Occasionally, stress may be moved on an utterance for contrastive reasons as in, for example:
          A: Did she say she came from London?
          B: No, she said she came TO London.

      in which the stress in B's contribution is unusual because the speaker is placing emphasis on the preposition and it is pronounced forcefully in its full form to make that clear.  In normal circumstances the word is pronounced as /tə/ in connected speech but here it is /tuː/.
  2. Assimilation
    This occurs when a sound is altered because the speaker is anticipating the following sound or influenced by a previous one (or both).
    There are three possibilities and some important observations:
    1. Anticipatory assimilation
      In our example, above, ten bottles sounds like tem bottles because the speaker is anticipating the bilabial voiced consonant /b/ and changes the alveolar nasal /n/ to the bilabial /m/ to make pronouncing the following /b/ sound easier.
      Try saying
          his son and his daughter
      It is pronounced like this:
          /hɪz sʌn ndɪs ˈdɔː.tə/
      The 's' in his daughter is not voiced as it is in his son.  (We drop the 'h' on the second his as well (that's also elision).)
      (Anticipatory assimilation is sometimes, slightly confusingly, called regressive assimilation because the influence works from right to left in the phrase.)
      Anticipatory assimilation, by the way, explains the tendency in English to mess with prefixes, using 'im-' before words beginning with bilabials (so we have impossible, impolite, immobile etc. rather than *inpossible, *inpolite, *inmobile).  On the other hand, words beginning in alveolar sounds such as /t/ or /d/ or velar sounds such as /k/ and /ɡ/ will normally take either un- or in- (so we have intolerant, undefined, unconnected, ungrateful etc.).  This is not an absolute rule, unfortunately, because exceptions such as unmoved, unpleasant etc. are common.
      Anticipatory assimilation also has comedic possibilities:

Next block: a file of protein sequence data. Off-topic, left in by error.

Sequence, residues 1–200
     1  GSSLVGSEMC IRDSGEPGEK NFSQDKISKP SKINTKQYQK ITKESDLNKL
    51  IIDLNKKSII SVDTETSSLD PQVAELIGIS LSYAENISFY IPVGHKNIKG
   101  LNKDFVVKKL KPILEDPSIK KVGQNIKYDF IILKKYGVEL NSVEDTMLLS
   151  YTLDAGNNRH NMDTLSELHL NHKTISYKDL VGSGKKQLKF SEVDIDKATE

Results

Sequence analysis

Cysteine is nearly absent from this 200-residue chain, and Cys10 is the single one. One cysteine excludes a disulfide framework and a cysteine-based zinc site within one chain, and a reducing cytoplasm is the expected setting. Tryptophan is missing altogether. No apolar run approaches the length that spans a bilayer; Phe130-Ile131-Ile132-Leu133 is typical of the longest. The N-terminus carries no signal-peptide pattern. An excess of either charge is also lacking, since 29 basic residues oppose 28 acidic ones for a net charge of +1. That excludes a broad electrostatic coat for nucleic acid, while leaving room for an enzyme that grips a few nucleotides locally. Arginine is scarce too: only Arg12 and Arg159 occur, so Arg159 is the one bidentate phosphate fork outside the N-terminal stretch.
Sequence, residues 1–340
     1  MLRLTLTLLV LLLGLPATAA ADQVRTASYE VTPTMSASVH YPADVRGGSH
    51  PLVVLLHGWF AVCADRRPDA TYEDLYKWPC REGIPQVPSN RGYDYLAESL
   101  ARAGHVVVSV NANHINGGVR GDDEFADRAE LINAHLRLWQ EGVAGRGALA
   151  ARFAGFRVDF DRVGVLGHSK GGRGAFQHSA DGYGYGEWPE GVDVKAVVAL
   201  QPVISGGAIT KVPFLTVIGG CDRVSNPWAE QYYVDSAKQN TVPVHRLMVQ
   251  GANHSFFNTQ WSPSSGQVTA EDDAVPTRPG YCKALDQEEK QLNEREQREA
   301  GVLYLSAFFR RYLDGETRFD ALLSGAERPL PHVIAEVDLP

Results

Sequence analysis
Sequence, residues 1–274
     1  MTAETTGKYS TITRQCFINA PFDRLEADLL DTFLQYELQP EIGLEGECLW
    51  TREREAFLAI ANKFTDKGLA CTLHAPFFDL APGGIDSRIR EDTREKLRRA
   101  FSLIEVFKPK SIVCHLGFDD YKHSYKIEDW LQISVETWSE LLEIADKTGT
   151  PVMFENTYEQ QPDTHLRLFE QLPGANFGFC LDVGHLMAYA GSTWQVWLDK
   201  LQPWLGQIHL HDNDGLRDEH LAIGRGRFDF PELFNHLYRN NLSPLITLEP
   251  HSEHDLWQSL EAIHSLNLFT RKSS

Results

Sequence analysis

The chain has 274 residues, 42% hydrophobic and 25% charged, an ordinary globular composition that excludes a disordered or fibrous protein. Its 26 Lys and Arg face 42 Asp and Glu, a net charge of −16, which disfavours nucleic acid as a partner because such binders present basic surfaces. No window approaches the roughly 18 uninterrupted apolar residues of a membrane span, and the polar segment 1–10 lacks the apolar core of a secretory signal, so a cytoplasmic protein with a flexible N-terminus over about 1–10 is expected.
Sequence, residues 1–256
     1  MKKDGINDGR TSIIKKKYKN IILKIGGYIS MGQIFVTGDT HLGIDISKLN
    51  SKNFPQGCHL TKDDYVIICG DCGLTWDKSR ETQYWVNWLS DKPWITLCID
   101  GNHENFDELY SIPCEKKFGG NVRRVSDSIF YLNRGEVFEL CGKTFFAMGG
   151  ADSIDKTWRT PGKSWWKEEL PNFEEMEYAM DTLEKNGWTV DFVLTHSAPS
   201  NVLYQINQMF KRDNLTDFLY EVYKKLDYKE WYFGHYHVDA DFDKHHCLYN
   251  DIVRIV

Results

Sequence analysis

I've got a job at a bowling alley.
          Ten pin?
          No, permanent.
      If you have understood the joke, you have appreciated anticipatory assimilation.
    2. Progressive assimilation
      Sounds may change because the speaker is influenced by the preceding sound, i.e., the influence is working from left to right in the phrase.  For example, try saying
          There's not much cider left
      quickly and focus on how the 'c' in cider is pronounced.
      If you say cider individually, the 'c' is pronounced /s/ as one expects (/ˈsaɪ.də/).
      However, in this environment, the influence of the /tʃ/ at the end of much means that the 'c' in cider is pronounced as if it were 'sh', as /ʃ/.  The transcription is, then, not

      A simple example of progressive assimilation occurs with the pronunciation of a plural 's' in English.  For example, words ending in unvoiced consonants such as /t/, /k/ or /p/ will make the plural 's' pronounced as /s/:
          hats and coats (/hæts.ənd.kəʊts/)
          talks and walks (/tɔːks.ənd.wɔːks/)
          tops and tips (/tɒps.ənd.ˈtɪps/)
      but words ending with voiced consonants such as /d/, /ɡ/ or /b/ will have the 's' pronounced as /z/:
          odds and sods (/ɒdz.ənd.sɒdz/)
          lugs and mugs (/lʌɡz.ənd.mʌɡz/)
          bags and logs (/bæɡz.ənd.lɒɡz/)
      It's even easier to spot the difference in
          cats and dogs (/kæts.ənd.dɒɡz/)

      A similar pattern may be observed with the pronunciation of the regular past-tense ending in English.
      After unvoiced consonants, the -d or -ed ending is usually pronounced as /t/ as in:
          asked (/ɑːskt/)
          spaced (/speɪst/
          tapped (/tæpt/)
      but following voiced consonants it is voiced as /d/ as in:
          clubbed (/klʌbd/)
          fazed (/feɪzd/)
          dragged (/dræɡd/)
    3. Reciprocal assimilation
      Here, sounds influence each other and may fuse together.  For example, try saying
          Won't you come with us
      quickly and note how won't you is pronounced.  It is not /wəʊnt ju/ except in slow careful speech but is actually pronounced /wəʊntʃu/.  What has happened is that the 't' and 'y' sounds have coalesced to make the /tʃ/ sound.